Mohammed Yanes is fairly new in town. At 20 years old, he immigrated to Halifax from Syria six months ago, and he’s been hard at work settling in ever since.
“It’s very different from Syria,” says Yanes, whose first language is Arabic, and is the only member of his family to know any English. “Here, you need to take your time to learn a lot of things in Canada, because it’s a different place in the world. You need to learn English, and a lot of things.”
Those other things Yanes has to learn are things most of us take for granted – how to hail a cab, for example. Or how to go about finding a family doctor. Or getting your driver’s license.
Those things are all done a bit differently in Syria, as well as in many other cultures around the world, and here in Nova Scotia, you pretty much need to speak English to navigate all of those mundane parts of life and more.
Yanes is taking English classes, but lucky for him, he gets to practice what he learns once a week with the help of his English tutor Kevin Hall, a volunteer with the Halifax Public Library’s English Language Learning Program.
“The last couple of meetings, we’ve done a little bit of grammar stuff that Mohammed has brought in from the schoolwork that he’s doing,” says Hall, a retired IT professional. “Today, we’re talking about listening skills. That’s one area he wants to improve on.”
Volunteers like Hall are paired with students like Yanes for one-on-one weekly sessions, where the tutor sets up casual lesson plans in areas of the language and communication skills their students have identified needing help with. Tutors also help them to understand the cultural differences they face, as well.
“Every student is approaching their transition into this country a little bit differently,” says Hall. “This helps to augment their experience here a little bit, in terms of dealing with day-to-day scenarios and situations a little bit better.”
“It’s very important to come here, to have a tutor,” says Yanes. “Then, you begin to start your new life.”
But for many people like Yanes who have moved or will soon be moving into neighbourhoods across HRM, they might have to wait a while for such tutor – that is, if the library can’t scrounge up a few more volunteers soon.
The library’s English Language Learning Program is currently offered at six branches – Alderney Gate, Bedford, Keshen Goodman, Woodlawn, Halifax North Memorial, and Central. Branches near neighbourhoods where many Syrian refugees would be moving to are where the bulk of these sessions take place, but with 300 people registered for the program, even they have names on waiting lists.
It was when the folks at the library caught wind that about 50 refugees would be moving to Halifax North, however, that they knew they were going to need a lot of new volunteers to meet demand.
“We’re trying to keep on top of that, and respond to the needs that we think may be coming from all the new refugee folks,” says Heather MacKenzie, Manager of Diversity and Accessibility with Halifax Public Library. “Originally, Halifax North wasn’t one of the key target communities - we had heard that the Clayton Park area, Spryfield, and also North Dartmouth were going to be the three main communities where they were going to be settling.”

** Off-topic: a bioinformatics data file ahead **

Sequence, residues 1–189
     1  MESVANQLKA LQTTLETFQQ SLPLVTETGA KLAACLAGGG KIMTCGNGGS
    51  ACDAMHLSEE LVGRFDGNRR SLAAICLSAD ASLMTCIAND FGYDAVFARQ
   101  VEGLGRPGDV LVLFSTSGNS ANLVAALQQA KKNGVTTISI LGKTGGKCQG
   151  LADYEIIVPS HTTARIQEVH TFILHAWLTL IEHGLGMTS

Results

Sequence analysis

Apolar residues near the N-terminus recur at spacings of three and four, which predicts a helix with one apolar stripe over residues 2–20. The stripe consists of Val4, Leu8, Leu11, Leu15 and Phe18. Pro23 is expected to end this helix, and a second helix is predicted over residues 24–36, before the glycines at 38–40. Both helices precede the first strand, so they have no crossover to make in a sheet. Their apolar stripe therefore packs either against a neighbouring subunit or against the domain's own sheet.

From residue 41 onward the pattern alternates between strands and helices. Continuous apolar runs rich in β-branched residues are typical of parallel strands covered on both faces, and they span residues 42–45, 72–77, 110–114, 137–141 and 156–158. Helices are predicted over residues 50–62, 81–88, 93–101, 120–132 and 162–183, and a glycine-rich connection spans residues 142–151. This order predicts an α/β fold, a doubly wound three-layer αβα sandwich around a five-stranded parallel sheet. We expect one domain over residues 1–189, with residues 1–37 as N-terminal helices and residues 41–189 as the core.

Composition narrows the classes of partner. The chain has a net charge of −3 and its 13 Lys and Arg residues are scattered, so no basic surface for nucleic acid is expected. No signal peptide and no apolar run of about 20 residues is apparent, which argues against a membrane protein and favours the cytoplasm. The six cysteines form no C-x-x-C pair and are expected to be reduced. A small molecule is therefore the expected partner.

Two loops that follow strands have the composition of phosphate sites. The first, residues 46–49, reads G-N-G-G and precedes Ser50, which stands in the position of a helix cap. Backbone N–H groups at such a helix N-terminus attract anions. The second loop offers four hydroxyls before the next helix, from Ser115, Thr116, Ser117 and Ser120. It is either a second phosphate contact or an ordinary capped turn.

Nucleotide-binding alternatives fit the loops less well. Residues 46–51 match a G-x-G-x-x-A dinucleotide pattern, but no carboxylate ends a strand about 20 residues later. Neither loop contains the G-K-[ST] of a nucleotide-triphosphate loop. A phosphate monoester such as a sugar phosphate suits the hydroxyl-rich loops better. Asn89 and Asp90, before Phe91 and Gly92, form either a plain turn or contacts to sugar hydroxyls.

ELL program coordinators work to match students with the best possible tutors, and they have certain qualities they look for in prospective volunteers – experience teaching, high level of cultural competency, patience and understanding, etc. This means that there’s a vetting process for volunteers to go through, so the library is hoping people reach out now, before demand exceeds capacity.
“We haven’t seen that spike in demand just yet, because these people are still arriving,” says MacKenzie. “We’re always looking for good new volunteers, and right now, we may be looking for more than normal. So we’re certainly wanting to get the word out there.”
“I think that it’s mutually rewarding. For the tutors, it’s a rewarding experience as well,” adds Hall. “You learn a lot about different cultures, and that’s fascinating. That makes us better people, to understand different cultures and different languages. That makes us all better at accepting and being more tolerant.”
They’ve already gotten a few calls from people interested in volunteering thanks to a post on Facebook, but for the rest of the folks they need, consider this a call to action. If you’re interested in helping a newcomer learn the ins and outs of life in Halifax, don’t hesitate to give MacKenzie a call.
“I think a lot of people are looking for ways that they can help,” says MacKenzie. “I absolutely have great faith that we will be able to meet the need, and get the folks in to work with us.”
And if you need any more incentive to spare a few hours of your time a week, Yanes has a good reason why.
“Why? Because you’re helpful,” says Yanes. “Helpful for the people.”
You can contact MacKenzie at 902-490-5744. If one-on-one tutorship isn’t your style, there’s also a need for volunteers with group conversation classes as well.